Tim Bainton and Alex Planes
Some fitness entrepreneurs and coaches seem to have it all figured out.
Their business is thriving, their book of business is packed, and the community is buzzing about their talent and expertise.
It’s not necessarily because they really are the best in the world at what they do. There are probably thousands of wonderfully talented and highly experienced fitness pros who could help clients just as well as these fully-booked superstars. And yet those thousands of pros don’t have packed schedules and swelling bank accounts. What gives?
The difference is all in the pitch.
Always be pitching
At a fundamental level, a “pitch” is just an effort to close a deal. It could be a pitch to investors, where the deal is more funding for the business.
Most often, a pitch is a prelude to a sale, and a great pitch can dramatically improve your chances of closing a sale. The definition of a great sales pitch has changed over time as buying preferences and consumer tastes have evolved, but many elements of great pitches have remained consistent for decades or centuries.
Some people respond well to data and factual arguments, but the majority of your audience is likely to respond most strongly to emotional appeals. To pitch them on your service or company, you have to find the right emotional touchpoints that can compel them to act. Why should they pay for your services or invest in your business? What’s the downside to their inaction — that is, what will they miss out on if they don’t use your services or invest in you? A successful pitch finds answers to these questions, even if the prospect isn’t looking for those answers on their own.
Know when to hold ‘em and when to fold ‘em
There might be any number of answers to those two questions, but as you become more adept at pitching a particular audience, you’re likely to find common responses coming up time after time. This can help you better target your pitch and improve your delivery. As you gain a better understanding of your audience, you’ll be better able to correctly assess their emotional triggers, and you’ll also be better able to respond to common objections that are bound to arise during the pitching process.
One of the best ways to master your pitch is simply to practice pitching all the time. There’s an opportunity to pitch your services every time you meet someone new. After all, everyone could use better health, right? But there’s a fine line between a good pitch and an unwanted intrusion into a stranger’s day. Successful pitching requires more than an understanding of emotional triggers and how to address them. If you aren’t emotionally receptive and empathetic enough to read your audience’s emotions, you’ll have a far harder time closing them on your offer. Being emotionally receptive and empathetic are key traits for successful coaches and fitness trainers, so it’s undoubtedly important to develop these traits if you want to build a rewarding career in the fitness industry.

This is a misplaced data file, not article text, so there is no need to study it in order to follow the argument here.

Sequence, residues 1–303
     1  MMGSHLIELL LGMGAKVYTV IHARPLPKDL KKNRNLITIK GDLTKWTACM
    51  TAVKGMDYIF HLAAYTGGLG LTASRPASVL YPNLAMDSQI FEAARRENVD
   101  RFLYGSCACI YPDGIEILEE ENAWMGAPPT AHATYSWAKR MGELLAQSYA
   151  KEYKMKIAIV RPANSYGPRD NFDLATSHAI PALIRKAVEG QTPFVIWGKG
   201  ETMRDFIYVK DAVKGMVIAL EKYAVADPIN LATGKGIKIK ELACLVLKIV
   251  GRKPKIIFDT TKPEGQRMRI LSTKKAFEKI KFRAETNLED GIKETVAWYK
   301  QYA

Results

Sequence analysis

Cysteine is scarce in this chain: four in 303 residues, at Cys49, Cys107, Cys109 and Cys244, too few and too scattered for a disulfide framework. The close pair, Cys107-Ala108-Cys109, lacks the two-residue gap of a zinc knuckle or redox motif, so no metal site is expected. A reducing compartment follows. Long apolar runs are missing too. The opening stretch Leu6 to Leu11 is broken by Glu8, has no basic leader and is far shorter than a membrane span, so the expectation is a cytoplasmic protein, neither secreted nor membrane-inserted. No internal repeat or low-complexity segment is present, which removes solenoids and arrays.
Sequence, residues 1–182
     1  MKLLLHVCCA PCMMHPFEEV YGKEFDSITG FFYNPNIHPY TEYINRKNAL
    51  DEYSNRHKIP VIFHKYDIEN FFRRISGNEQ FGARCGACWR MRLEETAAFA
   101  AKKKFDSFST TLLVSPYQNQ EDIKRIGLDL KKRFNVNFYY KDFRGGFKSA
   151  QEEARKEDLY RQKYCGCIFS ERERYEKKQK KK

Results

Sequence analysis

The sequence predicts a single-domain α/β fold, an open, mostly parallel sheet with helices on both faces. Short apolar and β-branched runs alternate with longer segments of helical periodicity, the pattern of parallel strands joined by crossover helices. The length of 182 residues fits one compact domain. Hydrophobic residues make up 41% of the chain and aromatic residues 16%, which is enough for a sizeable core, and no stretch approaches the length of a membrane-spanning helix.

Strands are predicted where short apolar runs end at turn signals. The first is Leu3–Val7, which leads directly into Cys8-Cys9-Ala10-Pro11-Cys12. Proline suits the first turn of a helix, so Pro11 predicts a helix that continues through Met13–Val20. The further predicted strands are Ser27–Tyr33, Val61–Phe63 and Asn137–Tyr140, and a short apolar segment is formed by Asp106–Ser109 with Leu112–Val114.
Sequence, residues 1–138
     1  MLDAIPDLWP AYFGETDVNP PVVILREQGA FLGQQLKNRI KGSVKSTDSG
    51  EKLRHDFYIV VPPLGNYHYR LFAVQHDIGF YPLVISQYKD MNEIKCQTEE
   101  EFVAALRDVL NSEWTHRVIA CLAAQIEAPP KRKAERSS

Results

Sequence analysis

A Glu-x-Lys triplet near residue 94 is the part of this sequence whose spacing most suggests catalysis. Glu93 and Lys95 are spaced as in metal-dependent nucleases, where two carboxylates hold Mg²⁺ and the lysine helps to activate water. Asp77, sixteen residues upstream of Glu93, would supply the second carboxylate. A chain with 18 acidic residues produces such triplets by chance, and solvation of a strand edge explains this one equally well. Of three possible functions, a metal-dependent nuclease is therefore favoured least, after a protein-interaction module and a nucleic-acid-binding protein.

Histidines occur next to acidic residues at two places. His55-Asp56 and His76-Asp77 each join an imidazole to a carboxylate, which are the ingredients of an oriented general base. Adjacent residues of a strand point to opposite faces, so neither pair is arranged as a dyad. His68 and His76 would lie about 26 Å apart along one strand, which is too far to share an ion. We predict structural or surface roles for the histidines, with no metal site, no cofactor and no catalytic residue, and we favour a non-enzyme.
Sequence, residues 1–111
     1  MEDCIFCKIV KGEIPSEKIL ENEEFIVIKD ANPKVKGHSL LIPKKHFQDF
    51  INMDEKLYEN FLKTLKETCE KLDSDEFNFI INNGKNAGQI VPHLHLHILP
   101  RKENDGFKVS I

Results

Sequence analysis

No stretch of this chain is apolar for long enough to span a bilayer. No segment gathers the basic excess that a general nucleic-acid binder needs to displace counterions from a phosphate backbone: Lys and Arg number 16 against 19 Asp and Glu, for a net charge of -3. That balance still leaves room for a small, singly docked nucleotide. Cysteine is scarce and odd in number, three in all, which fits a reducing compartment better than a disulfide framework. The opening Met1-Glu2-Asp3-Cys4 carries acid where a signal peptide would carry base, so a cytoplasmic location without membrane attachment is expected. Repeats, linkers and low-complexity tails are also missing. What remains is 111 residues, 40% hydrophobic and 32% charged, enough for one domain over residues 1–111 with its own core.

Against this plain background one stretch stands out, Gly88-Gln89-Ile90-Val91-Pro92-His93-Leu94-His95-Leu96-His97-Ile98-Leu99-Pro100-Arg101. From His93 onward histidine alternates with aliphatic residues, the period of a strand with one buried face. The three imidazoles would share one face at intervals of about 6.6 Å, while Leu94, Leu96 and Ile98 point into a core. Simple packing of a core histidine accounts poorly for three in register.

Tools of the pitch
The tools and methods you use for your pitch will vary widely based on what you’re offering, who you’re offering it to, and even why you’re offering it to that particular audience. You might start with an email, or a Facebook post, or a pamphlet, or a business card. You might finish your pitch on the court, in the weight room, or on a conference call.
Your understanding of which tool to use at any given point during a particular pitch will grow with experience, but you should initially focus on a smaller number of tools and methods before branching out. In today’s sales environment, it pays to be a master of a few trades rather than a jack of all trades.
By the time you’ve mastered your pitch, you should be ready to start mastering the operational and marketing skills we describe in the next article of this series.